Using AI to Predict the Danger of Solar Storms for Earth 

Using AI to Predict the Danger of Solar Storms for Earth  

Hannah Rüdisser of the Know-Center (Austria) and Ute Amerstorfer of the Space Research Institute (Austria) show how machine learning and artificial intelligence can help protect us from damage caused by solar storms.   

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The Sun is a source of light and energy for life on our planet but, nonetheless, our nearest star can present some hazards to Earth’s inhabitants. When magnetic field lines at the visible surface of the Sun become tangled and break, large quantities of electrically charged particles can be released into space. If directed at Earth, these ‘solar storms’ can interact with Earth’s magnetic field and have serious effects on power grids, radio networks and satellites, that are key to our daily life. 

Solar activity fluctuates every eleven years between quiet and active phases, and we are currently in an active phase that is expected to reach its peak in 2025. In most cases, Earth’s magnetic field and atmosphere can protect us from solar storms, with effects limited to perhaps spectacular auroral light displays at the poles. However, a strong solar storm could cause around ten percent of all satellites to fail, and this could cause problems in areas where precise positioning is required, such as shipping and air traffic. Induced currents during geomagnetic storms can cause surges in transformer voltages and damage to undersea cables, leading to widespread electricity and Internet outages. A severe example in 1989 caused blackouts for nine hours across Quebec. In our digitally dependent world, a reliable space weather forecast is an increasingly vital resource. 

Several spacecraft have been launched to study the Sun and measure the solar wind, and these can transmit data back to Earth within minutes to give us advanced warning of incoming space weather. However, even if we know a solar storm is heading our way, to date, it has been very difficult to estimate the potential impact of the storm when it hits Earth. 

Machine Learning for Better Forecasts 

The use of Artificial Intelligence (AI) to analyse and classify planetary datasets is still relatively new, but is becoming increasingly important. Machine learning enables algorithms to be trained to analyse huge amounts of data and derive predictions and new solutions from them. Over the past decade, potential applications of machine learning in planetary science have exploded, but tools tailored to this area of research are still rare.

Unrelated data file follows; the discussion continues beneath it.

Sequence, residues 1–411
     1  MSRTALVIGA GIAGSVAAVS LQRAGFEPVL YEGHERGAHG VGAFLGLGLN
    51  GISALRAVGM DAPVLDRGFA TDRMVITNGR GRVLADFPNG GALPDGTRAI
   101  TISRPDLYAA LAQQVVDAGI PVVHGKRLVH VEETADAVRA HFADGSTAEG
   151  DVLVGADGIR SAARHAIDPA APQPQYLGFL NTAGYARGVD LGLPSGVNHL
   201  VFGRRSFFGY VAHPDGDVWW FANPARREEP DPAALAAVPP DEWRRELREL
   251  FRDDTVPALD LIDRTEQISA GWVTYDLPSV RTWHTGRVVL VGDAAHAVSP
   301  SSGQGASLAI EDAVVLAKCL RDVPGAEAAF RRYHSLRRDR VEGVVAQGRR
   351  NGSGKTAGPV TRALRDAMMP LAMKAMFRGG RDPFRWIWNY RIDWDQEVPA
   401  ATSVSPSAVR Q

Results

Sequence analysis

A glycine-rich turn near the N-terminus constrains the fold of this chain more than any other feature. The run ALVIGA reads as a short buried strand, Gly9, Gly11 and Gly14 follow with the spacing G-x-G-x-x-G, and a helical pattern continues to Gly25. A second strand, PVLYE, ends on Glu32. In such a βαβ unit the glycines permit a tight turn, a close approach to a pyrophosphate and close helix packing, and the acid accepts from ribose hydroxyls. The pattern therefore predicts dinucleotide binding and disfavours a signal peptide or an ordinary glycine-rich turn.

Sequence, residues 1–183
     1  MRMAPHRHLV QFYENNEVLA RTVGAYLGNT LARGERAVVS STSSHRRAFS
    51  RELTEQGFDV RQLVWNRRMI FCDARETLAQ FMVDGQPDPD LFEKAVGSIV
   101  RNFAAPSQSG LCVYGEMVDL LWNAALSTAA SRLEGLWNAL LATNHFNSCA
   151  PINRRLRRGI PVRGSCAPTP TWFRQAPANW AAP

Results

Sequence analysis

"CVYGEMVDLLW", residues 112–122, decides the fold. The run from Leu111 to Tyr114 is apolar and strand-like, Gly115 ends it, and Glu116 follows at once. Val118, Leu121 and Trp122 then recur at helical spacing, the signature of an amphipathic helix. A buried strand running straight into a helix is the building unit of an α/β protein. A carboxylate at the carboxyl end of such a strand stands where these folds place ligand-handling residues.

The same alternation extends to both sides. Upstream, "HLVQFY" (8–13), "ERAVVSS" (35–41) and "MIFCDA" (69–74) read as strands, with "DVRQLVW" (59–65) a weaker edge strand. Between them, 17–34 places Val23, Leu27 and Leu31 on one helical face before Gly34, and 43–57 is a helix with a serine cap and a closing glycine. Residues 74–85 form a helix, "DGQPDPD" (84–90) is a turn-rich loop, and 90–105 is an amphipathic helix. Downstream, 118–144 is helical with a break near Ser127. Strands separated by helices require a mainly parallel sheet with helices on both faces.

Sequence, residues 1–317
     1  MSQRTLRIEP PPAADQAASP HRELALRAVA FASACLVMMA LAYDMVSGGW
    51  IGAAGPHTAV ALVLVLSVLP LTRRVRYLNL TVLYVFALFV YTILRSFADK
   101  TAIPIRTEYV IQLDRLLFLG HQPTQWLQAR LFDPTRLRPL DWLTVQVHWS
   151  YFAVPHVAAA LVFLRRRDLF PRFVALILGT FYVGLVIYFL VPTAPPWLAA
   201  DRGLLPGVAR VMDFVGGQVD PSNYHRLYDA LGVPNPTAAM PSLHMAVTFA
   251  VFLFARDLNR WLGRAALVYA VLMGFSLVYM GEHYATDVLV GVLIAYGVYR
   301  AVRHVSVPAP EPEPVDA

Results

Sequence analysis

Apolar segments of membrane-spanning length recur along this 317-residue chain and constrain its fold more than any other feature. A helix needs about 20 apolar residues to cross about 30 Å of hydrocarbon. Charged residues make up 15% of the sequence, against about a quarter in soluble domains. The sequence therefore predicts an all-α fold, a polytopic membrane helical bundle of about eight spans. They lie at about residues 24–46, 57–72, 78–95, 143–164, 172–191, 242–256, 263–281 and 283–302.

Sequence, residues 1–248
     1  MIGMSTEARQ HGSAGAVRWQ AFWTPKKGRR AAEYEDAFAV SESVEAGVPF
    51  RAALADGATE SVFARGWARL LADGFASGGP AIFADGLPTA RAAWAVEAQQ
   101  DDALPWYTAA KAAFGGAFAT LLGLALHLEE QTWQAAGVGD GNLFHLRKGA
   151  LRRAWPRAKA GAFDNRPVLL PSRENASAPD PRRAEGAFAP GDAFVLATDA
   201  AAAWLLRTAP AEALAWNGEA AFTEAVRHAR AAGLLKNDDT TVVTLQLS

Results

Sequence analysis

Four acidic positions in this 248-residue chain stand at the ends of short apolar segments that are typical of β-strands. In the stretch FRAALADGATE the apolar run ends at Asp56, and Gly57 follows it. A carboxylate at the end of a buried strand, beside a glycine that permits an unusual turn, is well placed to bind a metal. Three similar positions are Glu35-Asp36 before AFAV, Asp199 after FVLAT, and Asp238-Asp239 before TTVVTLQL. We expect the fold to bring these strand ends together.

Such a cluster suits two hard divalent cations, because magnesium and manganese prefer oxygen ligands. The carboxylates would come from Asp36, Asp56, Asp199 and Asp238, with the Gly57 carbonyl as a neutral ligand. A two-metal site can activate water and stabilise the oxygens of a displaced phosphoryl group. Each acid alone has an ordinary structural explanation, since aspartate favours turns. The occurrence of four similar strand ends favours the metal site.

The Europlanet 2024 Research Infrastructure (RI) Machine Learning activity aims to extract knowledge from the vast treasure-trove of data from space missions, simulations and laboratory experiments. By developing a series of machine learning tools that support planetary scientists in their work, Europlanet aims to promote a broader use of machine learning technologies in data-driven space research. At the Know-Center and the Space Research Institute in Graz, Austria, we have been working to deploy machine learning to help improve our predictions of the potential risk from solar storms to infrastructure. 

Artificial intelligence can improve weather forecasting in space. ©NASA/Johns Hopkins APL/Ben Smith
Artist’s impression of a solar storm. Credit: NASA/JHU-APL/B Smith 

Predicting the Strength of Solar Storms 

In extreme cases, solar storms can reach Earth in less than a day. The amount of energy transferred from the solar storm to Earth’s magnetic field depends largely on the relative orientation of the storm’s magnetic field, in particular its north-south ‘Bz magnetic field component’. The larger the southward Bz component, the greater the risk of a massive geomagnetic storm that could cause damage. Using machine learning, we have developed a tool to predict the Bz magnetic field component within the first few hours of an in-situ observation of a solar storm, to help give advance warning before it reaches Earth. The tool has been trained and tested with data collected by the Wind, STEREO-A and STEREO-B spacecraft for 348 different solar storms since 2007. To evaluate how well the prediction tool works in real time, we have simulated a continuous feed of measurements from spacecraft and monitored how the accuracy of the forecast improves as it receives new information. 

In results recently published in the journal, Space Weather, we have shown that our forecasting tool can predict the orientation of the magnetic field well, particularly when using data from the four hours that follow the first signs of the solar storm in the in-situ spacecraft data.

At present, we still need human eyes to manually spot when a solar storm is occurring, so the next step of our research project will be to use additional AI methods to help automatically detect solar storms in real-time. New space missions will provide even more data in the coming years, further increasing the accuracy of the predictions. However, our prediction tool already shows the great potential of machine learning to improve space weather forecasting and, in the event of a massive solar storm, to provide early warning to affected areas and prevent major damage. 

Machine Learning for Predicting the Bz Magnetic Field Component From Upstream in Situ Observations of Solar Coronal Mass Ejections‘, M. A. Reiss, C. Möstl, R. L. Bailey, H. T. Rüdisser, U. V. Amerstorfer, T. Amerstorfer, A. J. Weiss, J. Hinterreiter, A. Windisch. Space Weather, Volume 19, Issue 32.

Issue 3 of Europlanet Magazine